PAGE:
General Background: Mr. Harold Dull is the inventor of a new form of therapeutic massage called, Watsu. It is administered in a pool or large body of water and utilizes stretching and shiatsu techniques in a weightless, aquatic environment. A pool of water is essential to the therapy. In the summer of 1991 one of our intern architects was learning the techniques of Watsu from Mr. Dull when, during the course of casual conversation, Mr. Dull mentioned that he had a vision of a school for Watsu that should be like no other building in the world. The intern suggested Mr. Dull contact us to discuss various ideas and possibilities.

When Harold Dull came for his visit he was visibly delighted with what he saw in our office and we talked further about the kinds of uses he envisioned. The nature of the site was crucial to understanding the limitations of the design. After spending three days at the site making note of the soil qualities, the sun movement, the climatic and panoramic qualities, the challenges of the project began to become clear.

Earthquakes and soil slides loomed as destructive occurrences. The heat, normally around 90 to 100 degrees eight months a year was another challenge. The south-facing slope of the site overlooks a beautiful, tree-lined valley with green mountains rising beyond. Fire ever threatens the site and being uphill the air currents would potentially fan the flames of any burning object.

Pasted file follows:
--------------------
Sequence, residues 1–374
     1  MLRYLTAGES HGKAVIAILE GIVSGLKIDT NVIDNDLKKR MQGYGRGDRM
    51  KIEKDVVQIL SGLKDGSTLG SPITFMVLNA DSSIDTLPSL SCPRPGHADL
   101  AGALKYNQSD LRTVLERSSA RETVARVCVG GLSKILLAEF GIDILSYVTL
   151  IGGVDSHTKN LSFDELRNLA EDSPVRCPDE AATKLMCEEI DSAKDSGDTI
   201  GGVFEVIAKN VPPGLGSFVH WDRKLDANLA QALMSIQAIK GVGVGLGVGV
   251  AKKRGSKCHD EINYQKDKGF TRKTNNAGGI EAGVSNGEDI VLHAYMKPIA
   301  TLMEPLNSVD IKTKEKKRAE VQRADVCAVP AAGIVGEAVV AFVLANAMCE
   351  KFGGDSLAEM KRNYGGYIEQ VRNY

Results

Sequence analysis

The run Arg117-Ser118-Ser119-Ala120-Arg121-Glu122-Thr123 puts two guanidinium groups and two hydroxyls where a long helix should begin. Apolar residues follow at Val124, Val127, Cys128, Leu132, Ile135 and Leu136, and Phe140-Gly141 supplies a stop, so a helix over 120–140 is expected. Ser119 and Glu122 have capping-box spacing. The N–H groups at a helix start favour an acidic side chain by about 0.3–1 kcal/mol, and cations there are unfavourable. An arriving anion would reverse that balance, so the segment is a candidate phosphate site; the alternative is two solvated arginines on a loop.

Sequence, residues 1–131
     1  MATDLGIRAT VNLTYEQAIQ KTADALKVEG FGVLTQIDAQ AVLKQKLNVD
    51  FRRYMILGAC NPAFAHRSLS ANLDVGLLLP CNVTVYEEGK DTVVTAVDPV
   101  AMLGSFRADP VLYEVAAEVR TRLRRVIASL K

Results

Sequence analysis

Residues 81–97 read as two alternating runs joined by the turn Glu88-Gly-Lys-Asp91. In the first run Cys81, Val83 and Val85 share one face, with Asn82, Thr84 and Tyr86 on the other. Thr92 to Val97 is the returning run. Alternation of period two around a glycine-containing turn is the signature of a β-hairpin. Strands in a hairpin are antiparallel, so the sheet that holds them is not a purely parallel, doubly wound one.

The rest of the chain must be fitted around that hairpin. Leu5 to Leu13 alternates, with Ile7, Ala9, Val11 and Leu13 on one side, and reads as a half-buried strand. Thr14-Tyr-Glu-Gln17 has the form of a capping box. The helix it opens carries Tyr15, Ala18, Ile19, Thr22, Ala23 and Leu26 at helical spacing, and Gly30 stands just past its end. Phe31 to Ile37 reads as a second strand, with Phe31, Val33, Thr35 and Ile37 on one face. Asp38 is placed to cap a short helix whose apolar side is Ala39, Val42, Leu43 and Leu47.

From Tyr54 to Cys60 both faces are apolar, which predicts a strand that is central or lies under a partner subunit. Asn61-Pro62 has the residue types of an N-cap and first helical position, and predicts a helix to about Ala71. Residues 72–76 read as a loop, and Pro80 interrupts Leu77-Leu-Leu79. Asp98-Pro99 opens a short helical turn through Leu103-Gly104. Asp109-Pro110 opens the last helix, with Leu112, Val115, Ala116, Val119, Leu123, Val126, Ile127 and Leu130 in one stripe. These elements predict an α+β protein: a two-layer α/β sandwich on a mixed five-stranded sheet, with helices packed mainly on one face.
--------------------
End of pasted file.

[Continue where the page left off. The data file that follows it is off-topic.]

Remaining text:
Taking these many hazards into account the building required structural qualities and features that effectively addressed these hazards. Thus, the character of the building must be based upon a structural system that was rigid enough to disperse earthquake shaking yet be economical in its use of materials and subsequent enclosure of space. Geodesics came into view here as they are inherently strong, lightweight, economical--using 1/3 less materials to cover the same amount of volume as a box of equal size. Because the dome shape also minimizes the amount of surface area it means less heat build-up from the intense sun. The shape also lets water fall evenly around itself creating a cooling feature consistent with its form. Geodesics also provides an aerodynamic efficiency suited to this hillside site.

View of the Watsu School at night.

The final constructed design was developed in response to Mr. Harold Dull's desire to give each functional area more privacy instead of being grouped together. To achieve this meant creating a series of structures in close proximity to each other. Again, geodesics seemed to be an intelligent choice for a structural system. Taking into account economy and structural strength we decided to use the geodesic sphere as a basis for enclosed volume. The framing struts of the spheres could be cut before the construction permits were issued saving even more time. The five 3/4 spheres can be framed and sheathed in two weeks. The bottom half of the sphere is attached to a concrete ring apron, which makes the structure itself work as an integrated unit dispersing omnidirectional stress and strain forces. An added benefit are the aerodynamic characteristics of the sphere. It is an excellent form for wind creating relatively little turbulence on its surface.